Ryan Braun and Prince Fielder (Brewers), or Ryan Ludwick and Albert Pujols (Cardinals); which duo would you rather have in your lineup as the 3-4 hitters?
I'm a numbers guy, so here's what I came up with to help me in my decision.
Individual stats from 2008
Ryan Braun - 37 HR, 106 RBI, .285 avg, 42 BB, 129 K
Prince Fielder - 34 HR, 102 RBI, .276 avg, 84 BB, 134 K
Ryan Ludwick - 37 HR, 113 RBI, .299 avg, 62 BB, 146 K
Albert Pujols - 37 HR, 116 RBI, .357 avg, 104 BB, 54 K
2008 Duo stats
Braun/Fielder - 71 HR, 208 RBI, .280 avg, 126 BB, 263 K
Ludwick/Pujols - 74 HR, 229 RBI, .328 avg, 166 BB, 200 K
2008 team stats
Milwaukee - 198 HR, 722 RBI, 550 BB, 1203 K, .253 avg
St. Louis - 174 HR, 744 RBI, 577 BB, 985 K, .281 avg
Percentage of duos production
Braun/Fielder - HR: 36%; RBI: 29%; BB: 23%; K: 22%
Ludwick/Pujols - HR: 43%; RBI: 31%; BB: 29%; K: 20%
So, what's the verdict? I'm taking the boys from Brew City.
Yes, the Cards' duo has the higher percentage of power numbers, while the Brewers walk less and strike out more, but here's my take on the numbers.
I know, Pujols is probably the best hitter in the game today, and is very consistent, but the future is also very bright for Prince and Brauny.
Pujols will always give you .320-30-100, but still has no help offensively.
Fielder supposedly had an off-year after hitting 50 HR in 2007. Who can hit 50 HR year after year, without being probed by the steroid questions?
Did his loss of power coincide with him becoming a vegetarian? No way, he may be vegetarian, but he his still undoubtedly the 'meat' of the Brewers' order.
With the lower percentage of power numbers for Braun and Fielder, that means the rest of the team is capable of producing as well.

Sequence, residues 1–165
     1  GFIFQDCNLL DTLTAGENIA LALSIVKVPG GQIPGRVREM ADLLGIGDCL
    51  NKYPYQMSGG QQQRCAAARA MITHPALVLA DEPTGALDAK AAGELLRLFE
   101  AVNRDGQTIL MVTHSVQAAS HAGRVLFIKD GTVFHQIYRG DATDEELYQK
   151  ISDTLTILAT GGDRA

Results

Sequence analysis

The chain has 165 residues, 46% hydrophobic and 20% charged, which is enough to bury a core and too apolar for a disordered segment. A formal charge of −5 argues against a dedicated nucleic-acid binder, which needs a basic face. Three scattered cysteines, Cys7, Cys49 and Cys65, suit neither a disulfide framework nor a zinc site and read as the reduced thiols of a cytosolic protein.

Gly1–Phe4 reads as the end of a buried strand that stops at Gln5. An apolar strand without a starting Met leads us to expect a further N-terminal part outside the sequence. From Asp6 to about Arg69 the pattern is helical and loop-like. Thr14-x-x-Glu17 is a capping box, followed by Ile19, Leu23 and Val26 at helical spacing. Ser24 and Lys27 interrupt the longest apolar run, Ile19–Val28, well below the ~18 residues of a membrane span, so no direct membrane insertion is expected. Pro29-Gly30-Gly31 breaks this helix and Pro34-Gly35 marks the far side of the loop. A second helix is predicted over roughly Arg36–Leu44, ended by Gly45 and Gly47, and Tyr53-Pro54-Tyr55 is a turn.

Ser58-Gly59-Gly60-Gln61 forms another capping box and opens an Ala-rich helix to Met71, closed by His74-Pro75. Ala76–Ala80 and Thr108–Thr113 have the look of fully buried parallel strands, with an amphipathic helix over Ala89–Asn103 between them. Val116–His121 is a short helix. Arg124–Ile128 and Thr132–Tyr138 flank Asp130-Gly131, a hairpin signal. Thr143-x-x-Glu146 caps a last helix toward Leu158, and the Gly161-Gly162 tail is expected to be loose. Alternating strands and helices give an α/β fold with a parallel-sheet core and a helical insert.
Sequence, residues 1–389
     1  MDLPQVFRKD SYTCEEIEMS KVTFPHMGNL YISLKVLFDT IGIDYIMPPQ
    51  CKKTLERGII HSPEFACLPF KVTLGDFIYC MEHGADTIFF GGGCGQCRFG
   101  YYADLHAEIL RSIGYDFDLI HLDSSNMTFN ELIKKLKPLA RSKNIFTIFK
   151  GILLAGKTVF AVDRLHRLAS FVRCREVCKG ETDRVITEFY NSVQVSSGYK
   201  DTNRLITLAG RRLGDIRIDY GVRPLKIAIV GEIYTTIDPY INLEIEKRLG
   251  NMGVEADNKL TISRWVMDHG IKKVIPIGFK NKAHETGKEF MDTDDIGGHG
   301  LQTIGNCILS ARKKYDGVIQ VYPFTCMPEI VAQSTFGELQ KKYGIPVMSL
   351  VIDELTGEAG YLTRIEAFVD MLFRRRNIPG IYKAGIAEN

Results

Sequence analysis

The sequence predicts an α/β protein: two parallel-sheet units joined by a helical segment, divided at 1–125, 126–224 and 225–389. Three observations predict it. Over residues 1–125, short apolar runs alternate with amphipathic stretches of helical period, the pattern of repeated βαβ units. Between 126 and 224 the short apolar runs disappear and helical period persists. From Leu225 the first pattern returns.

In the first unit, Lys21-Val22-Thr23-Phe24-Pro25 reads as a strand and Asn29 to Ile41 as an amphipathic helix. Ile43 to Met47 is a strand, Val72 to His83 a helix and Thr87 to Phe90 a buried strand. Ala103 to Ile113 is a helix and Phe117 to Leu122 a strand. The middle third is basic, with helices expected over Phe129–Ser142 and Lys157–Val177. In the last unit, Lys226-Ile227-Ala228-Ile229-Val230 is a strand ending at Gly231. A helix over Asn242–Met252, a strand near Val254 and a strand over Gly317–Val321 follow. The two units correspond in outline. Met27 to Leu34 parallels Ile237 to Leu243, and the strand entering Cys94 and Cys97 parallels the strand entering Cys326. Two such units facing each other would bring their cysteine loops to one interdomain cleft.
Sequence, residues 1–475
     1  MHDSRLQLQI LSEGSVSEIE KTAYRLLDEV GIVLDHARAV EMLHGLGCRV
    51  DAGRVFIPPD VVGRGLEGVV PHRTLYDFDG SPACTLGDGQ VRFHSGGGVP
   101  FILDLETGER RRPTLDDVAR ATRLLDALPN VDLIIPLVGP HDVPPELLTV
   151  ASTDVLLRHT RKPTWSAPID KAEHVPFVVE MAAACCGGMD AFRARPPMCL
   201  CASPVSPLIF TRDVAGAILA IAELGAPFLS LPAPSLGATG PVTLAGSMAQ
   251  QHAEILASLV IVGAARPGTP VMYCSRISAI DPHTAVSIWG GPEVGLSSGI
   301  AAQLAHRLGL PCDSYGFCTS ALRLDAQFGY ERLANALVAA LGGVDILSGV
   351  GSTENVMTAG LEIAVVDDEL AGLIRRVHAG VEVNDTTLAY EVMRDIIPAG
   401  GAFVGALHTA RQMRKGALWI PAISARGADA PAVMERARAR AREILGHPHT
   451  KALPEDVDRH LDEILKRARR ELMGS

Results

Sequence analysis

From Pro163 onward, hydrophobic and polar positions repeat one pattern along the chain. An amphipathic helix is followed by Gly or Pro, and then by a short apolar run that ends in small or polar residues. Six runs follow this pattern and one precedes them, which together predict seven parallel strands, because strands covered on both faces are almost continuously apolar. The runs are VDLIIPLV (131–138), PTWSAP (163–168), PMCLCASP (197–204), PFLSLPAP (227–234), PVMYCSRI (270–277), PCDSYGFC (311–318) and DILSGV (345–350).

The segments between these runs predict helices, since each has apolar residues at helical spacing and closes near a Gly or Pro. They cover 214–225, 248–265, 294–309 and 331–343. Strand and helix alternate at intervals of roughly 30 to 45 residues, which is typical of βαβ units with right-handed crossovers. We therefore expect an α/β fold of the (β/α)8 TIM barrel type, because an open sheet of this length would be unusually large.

When the rest of the team can help, that reduces the pressure that the youngsters have on them.
The two can then relax at the plate knowing that they aren't alone, which I think actually results in better production.
Ludwick and Pujols have added pressure on themselves, seeing as how they combine for a lot of the Cardinals' offense. If they fail to maintain the high numbers, their fall is further down than others.
Ludwick has the potential to be a great counterpart to "Fat Albert," but in this game, the word "potential is like the plague.
Pujols proved last year that he can't carry the team by himself, and the Brewers duo proved that when one is down, the other has his back.
When Milwaukee went into its typical summer slide last year, it was Prince who carried the offense in early September. When Prince fell off the production train, Braun put the team on his back, and lifted them into the playoffs.
Braun and Fielder are the ultimate teammates, joking around the clubhouse 24/7. They know when to be goofy, and when they need to get down to business.
That says nothing negative about Pujols and Ludwick, but if I was making the lineup card, I'm definitely putting Milwaukee's 1-2 punch at 3-4 in the order.